(b) where dismissal terminates the contract before the completion of any service upon which the employee’s wages became due, the proportion of the wage due for the period of time for which the employee has worked; and any other loss consequent upon the dismissal and arising between the date of dismissal and the date of expiry of the period of notice referred to in paragraph (a) which the employee would have been entitled to by virtue of the contract.; or
(c) the equivalent of a number of months wages or salary not exceeding twelve months based on the gross monthly wage or salary of the employee at the time of dismissal.
(2) Any payments made by the employer under this section shall be subject to statutory deductions.
(3) Where in the opinion of a labour officer an employee’s summary dismissal or termination of employment was unfair, the labour officer may recommend to the employer to -
(a) reinstate the employee and treat the employee in all respects as if the employees employment had not been terminated; or ?
(b) re-engage the employee in work comparable to that in which the employee was employed prior to his dismissal, or other reasonably suitable work, at the same wage . ?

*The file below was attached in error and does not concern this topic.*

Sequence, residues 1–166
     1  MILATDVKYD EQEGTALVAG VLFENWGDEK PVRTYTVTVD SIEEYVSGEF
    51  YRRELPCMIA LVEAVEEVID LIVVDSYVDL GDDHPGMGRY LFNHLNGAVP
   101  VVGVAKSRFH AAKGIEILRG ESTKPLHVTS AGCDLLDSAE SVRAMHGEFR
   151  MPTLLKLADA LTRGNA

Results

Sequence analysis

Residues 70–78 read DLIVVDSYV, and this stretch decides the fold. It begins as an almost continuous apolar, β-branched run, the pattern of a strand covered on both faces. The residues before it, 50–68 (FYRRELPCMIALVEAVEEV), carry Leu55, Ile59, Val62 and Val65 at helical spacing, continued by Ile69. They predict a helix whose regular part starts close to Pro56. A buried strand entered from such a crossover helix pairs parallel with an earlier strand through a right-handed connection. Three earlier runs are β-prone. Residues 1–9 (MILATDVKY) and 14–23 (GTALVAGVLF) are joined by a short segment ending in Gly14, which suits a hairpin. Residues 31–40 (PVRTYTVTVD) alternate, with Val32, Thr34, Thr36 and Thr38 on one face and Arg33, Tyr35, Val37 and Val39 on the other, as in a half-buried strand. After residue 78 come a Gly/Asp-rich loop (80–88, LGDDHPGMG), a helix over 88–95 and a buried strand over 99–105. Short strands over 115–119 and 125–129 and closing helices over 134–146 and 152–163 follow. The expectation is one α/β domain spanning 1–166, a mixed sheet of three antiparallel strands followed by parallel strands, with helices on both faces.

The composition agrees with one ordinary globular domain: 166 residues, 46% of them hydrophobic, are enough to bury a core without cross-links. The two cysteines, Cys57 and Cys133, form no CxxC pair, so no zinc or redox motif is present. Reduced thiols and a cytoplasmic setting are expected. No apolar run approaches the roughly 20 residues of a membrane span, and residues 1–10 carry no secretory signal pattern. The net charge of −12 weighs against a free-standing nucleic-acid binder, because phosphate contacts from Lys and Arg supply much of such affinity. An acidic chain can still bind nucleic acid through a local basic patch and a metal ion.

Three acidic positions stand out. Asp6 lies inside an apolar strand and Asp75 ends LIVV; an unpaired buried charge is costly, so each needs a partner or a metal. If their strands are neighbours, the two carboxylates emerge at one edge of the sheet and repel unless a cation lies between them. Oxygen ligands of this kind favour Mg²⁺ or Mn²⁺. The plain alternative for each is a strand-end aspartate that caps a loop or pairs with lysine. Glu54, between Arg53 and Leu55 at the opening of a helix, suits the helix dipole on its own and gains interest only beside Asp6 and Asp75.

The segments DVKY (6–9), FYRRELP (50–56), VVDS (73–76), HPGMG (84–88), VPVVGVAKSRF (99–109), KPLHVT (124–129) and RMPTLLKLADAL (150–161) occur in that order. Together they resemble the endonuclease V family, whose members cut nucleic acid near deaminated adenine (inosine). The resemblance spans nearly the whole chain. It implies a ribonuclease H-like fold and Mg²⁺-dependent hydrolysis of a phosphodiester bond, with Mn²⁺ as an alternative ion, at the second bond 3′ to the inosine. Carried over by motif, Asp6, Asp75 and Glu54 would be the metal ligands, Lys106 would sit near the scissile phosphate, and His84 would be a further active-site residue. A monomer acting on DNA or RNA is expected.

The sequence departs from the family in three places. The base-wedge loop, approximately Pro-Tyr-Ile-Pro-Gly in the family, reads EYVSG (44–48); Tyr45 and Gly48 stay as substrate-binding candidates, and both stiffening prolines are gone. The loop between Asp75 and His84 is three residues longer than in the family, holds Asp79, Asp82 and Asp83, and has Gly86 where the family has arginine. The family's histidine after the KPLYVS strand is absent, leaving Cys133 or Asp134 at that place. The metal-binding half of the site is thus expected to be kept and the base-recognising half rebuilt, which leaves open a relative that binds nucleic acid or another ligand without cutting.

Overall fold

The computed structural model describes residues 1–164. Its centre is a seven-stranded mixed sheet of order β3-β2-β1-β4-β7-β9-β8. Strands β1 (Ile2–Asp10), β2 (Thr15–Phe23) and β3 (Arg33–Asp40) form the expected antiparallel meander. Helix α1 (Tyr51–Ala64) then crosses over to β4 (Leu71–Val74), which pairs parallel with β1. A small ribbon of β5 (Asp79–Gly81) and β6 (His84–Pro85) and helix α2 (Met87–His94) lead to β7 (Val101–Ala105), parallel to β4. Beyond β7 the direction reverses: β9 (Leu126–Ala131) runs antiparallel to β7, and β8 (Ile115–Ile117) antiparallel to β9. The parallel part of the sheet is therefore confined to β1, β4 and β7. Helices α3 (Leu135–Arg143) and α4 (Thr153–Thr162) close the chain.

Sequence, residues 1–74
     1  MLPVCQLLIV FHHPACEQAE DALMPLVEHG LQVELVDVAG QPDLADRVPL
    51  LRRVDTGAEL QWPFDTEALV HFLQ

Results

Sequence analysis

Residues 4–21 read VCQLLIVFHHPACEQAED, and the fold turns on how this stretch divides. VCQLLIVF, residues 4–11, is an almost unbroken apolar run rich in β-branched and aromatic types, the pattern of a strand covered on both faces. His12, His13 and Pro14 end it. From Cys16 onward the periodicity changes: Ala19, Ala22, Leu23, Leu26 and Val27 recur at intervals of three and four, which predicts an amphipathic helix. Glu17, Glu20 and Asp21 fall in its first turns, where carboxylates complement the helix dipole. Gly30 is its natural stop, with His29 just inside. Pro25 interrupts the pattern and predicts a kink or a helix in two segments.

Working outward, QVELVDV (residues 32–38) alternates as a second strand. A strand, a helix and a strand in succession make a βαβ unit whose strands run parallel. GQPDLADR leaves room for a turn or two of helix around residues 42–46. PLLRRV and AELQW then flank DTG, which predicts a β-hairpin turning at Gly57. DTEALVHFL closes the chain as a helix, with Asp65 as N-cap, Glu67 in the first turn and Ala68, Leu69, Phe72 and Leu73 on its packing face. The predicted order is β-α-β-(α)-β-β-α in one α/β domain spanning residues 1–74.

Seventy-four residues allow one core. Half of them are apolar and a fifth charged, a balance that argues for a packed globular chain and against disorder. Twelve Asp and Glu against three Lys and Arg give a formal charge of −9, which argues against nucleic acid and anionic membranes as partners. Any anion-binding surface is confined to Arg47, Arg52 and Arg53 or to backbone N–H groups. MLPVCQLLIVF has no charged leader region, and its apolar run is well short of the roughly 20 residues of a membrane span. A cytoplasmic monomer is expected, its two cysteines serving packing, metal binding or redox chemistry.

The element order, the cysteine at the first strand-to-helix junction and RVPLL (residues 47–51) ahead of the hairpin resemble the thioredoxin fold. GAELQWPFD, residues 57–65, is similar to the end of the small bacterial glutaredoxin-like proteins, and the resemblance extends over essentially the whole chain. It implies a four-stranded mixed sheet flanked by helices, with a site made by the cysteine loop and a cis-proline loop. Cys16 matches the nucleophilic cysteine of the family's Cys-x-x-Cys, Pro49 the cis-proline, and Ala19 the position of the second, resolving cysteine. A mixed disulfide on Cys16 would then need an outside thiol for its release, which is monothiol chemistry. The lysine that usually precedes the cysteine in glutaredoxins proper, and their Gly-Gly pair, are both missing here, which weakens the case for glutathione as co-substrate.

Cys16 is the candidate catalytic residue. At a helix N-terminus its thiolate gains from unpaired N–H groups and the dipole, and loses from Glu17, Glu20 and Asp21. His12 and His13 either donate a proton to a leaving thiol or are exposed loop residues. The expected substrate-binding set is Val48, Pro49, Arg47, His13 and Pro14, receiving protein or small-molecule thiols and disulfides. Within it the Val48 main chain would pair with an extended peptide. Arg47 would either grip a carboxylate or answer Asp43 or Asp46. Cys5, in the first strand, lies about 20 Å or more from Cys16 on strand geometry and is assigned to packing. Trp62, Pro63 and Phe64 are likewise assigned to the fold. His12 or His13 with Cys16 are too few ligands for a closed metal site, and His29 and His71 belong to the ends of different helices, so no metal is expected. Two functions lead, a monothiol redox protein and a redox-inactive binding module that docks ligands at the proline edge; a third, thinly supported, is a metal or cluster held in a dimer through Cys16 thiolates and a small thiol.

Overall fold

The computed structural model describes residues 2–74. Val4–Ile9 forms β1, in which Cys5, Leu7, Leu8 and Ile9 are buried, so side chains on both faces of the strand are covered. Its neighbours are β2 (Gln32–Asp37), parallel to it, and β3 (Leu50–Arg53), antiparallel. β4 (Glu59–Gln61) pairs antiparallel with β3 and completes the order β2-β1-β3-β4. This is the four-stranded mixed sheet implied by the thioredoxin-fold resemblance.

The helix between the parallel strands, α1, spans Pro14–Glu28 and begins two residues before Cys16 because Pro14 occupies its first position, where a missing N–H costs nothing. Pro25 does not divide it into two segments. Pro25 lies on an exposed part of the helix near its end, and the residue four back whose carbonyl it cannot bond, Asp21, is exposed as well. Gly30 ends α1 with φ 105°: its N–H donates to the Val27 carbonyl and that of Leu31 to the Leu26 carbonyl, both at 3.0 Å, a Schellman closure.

(4) A labour officer shall, in deciding whether to recommend the remedies specified in subsections (1) and (3), take into account any or all of the following-
the wishes of the employee; ?
the circumstances in which the termination took place, including the extent, if any, to which the employee ?caused or contributed to the termination; and
the practicability of recommending reinstatement or re engagement.
the common law principle that there should be no order for specific performance in a contract for service except in very exceptional circumstances;
the employee’s length of service with the employer;
the reasonable expectation of the employee as to the length of time for which his employment with that employer might have continued but for the termination;
the opportunities available to the employee for securing comparable or suitable employment with another employer;
the value of any severance payable by law;
the right to press claims or any unpaid wages, expenses or other claims owing to the employee;